Make Sure You Can Separate Fact from Myth When It Comes to Syphilis
Earlier this year, Medicare Health Plans, a consortium of Medicare supplement insurers, looked at Internet searches to find out which health conditions were most ogled by state. Among the top search items was syphilis.
That is surprising, but not too surprising. Sexually transmitted diseases may be searched more because they are so little discussed. You’re not likely to ask your friends for advice about syphilis. But as we know, online searches can bring up questionable if not outright incorrect information.
When it comes to something like syphilis, it is important to separate the facts from the myths to protect yourself and your loved ones. Here are some of the more common myths about syphilis.
MYTH #1: Syphilis is a thing of the past.
Since 2001, according to the Centers for Disease Control, the reported cases of syphilis increased from 2.1 cases per 100,000 population to 9.5 cases per 100,000 population in 2017. In fact, the number of syphilis case has increased almost every year since 2000–2001.
MYTH #2: Syphilis is a heterosexual disease.
Since 2000, the rise in the rate of reported syphilis has been primarily attributable to increased cases among men and, specifically, among gay, bisexual, and other men who have sex with men.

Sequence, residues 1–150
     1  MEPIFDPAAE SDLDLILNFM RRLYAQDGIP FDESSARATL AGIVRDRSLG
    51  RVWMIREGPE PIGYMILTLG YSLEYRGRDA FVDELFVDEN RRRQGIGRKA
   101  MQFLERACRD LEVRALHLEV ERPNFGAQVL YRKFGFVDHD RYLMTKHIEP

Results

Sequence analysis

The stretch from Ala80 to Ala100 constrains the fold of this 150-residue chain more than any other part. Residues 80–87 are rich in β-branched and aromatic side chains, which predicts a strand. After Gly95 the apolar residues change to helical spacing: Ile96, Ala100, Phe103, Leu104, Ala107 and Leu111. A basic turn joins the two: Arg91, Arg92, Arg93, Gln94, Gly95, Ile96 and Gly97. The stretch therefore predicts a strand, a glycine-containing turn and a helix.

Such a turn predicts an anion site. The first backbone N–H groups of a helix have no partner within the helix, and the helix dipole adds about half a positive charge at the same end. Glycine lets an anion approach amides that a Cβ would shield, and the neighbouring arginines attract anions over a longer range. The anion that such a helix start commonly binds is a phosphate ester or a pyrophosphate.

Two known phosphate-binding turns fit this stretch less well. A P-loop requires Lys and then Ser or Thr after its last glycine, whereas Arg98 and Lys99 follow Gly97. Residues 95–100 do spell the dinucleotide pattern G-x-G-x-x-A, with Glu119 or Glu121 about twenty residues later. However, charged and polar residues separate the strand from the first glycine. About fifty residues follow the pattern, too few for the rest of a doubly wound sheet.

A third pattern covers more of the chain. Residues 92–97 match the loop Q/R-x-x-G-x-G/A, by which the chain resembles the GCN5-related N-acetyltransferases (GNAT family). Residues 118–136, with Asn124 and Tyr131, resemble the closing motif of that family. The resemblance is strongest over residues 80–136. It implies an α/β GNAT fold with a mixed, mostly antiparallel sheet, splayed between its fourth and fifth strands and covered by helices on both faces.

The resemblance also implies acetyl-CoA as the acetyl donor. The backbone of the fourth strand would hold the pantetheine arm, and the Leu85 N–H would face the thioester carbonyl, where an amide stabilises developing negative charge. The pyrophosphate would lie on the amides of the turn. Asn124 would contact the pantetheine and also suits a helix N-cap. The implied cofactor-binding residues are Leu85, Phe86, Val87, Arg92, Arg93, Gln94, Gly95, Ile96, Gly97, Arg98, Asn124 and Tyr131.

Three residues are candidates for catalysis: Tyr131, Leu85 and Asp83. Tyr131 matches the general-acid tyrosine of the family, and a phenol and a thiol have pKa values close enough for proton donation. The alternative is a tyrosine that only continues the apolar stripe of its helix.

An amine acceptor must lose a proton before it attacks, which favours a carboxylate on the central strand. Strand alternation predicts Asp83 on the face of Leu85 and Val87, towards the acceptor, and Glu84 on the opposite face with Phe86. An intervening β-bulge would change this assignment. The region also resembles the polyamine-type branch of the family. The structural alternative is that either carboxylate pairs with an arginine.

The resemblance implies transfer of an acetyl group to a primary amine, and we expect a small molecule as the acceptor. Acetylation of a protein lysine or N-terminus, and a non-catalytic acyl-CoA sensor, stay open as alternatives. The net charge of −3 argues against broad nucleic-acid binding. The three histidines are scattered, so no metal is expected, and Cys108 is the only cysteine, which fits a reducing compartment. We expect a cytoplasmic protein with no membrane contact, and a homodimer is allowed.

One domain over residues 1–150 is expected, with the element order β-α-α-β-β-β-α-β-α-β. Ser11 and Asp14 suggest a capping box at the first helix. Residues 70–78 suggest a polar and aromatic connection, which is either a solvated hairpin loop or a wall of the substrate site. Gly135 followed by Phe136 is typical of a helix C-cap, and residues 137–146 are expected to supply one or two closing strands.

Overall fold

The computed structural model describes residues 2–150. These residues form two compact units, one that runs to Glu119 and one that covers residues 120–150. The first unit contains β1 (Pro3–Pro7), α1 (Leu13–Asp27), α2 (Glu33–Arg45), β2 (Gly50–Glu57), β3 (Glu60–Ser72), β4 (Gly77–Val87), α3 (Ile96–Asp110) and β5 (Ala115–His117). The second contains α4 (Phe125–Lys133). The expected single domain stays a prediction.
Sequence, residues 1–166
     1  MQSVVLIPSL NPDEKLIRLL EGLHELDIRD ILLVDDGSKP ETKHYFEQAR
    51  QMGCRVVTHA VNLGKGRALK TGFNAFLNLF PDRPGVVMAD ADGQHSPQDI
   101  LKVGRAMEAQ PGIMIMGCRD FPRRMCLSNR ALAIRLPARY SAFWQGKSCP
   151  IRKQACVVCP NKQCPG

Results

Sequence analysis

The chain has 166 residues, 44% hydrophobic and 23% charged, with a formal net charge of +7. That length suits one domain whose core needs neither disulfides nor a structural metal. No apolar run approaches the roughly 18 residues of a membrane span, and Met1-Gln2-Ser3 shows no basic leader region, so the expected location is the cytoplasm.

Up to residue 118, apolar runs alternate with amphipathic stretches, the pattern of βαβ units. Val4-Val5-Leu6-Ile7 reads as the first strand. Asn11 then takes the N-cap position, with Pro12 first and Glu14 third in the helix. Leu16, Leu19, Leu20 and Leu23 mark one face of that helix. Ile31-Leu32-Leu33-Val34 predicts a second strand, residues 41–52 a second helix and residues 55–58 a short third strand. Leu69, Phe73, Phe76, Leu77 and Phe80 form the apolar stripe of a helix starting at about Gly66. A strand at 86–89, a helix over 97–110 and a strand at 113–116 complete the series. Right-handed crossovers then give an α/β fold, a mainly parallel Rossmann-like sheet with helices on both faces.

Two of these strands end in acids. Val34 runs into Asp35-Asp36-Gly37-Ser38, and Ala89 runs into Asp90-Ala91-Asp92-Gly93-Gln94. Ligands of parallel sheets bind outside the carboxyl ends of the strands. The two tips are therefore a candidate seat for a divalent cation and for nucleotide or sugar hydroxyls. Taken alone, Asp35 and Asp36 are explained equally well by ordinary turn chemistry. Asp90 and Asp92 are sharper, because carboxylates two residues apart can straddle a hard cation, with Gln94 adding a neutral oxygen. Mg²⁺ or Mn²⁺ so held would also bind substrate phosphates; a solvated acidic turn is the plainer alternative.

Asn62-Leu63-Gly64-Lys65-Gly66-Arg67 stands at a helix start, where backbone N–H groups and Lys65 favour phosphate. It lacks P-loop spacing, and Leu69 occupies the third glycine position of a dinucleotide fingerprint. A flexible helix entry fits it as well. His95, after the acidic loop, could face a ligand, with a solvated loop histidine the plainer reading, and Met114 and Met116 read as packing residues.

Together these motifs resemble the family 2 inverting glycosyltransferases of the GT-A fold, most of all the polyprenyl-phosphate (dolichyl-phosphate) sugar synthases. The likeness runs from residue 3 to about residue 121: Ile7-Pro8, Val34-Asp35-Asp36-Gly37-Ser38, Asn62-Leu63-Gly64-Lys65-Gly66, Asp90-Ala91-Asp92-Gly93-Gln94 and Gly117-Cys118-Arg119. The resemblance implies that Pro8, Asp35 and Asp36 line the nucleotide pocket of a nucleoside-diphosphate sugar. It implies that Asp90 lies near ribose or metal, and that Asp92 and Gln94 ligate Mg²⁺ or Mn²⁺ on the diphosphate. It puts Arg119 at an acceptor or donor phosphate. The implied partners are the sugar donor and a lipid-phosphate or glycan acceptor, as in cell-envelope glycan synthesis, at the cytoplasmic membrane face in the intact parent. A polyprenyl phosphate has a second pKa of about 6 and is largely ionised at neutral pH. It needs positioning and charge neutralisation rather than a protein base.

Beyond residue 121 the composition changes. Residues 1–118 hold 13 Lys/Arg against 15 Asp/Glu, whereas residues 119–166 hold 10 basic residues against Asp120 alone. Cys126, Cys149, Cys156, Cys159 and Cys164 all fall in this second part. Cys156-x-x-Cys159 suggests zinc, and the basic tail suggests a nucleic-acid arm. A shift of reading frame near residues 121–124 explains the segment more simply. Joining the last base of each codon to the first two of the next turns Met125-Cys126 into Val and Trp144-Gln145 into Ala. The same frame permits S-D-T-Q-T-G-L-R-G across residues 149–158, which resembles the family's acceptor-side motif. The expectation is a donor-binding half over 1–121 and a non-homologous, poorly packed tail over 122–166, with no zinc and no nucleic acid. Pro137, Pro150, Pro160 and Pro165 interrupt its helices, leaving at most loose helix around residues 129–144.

However, it should be also noted that within the last five years, cases among women and men who have sex with women have increased as well. The increase in syphilis among women is of particular concern because it has been associated with an increase in syphilis passed from pregnant women to their unborn babies.
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MYTH #3: Syphilis can’t be spread through oral sex.
You can get syphilis by direct contact with a syphilis sore during vaginal, anal, or oral sex. Syphilis can also spread from an infected mother to her unborn baby.
MYTH #4: Syphilis is easily spotted.
Unfortunately, some people can have syphilis for a long time and not know it. (See the signs and symptoms in the sidebar.) It may not be obvious that your sex partner has syphilis because syphilis sores can be hidden in the vagina, anus, under the foreskin of the penis, or in the mouth.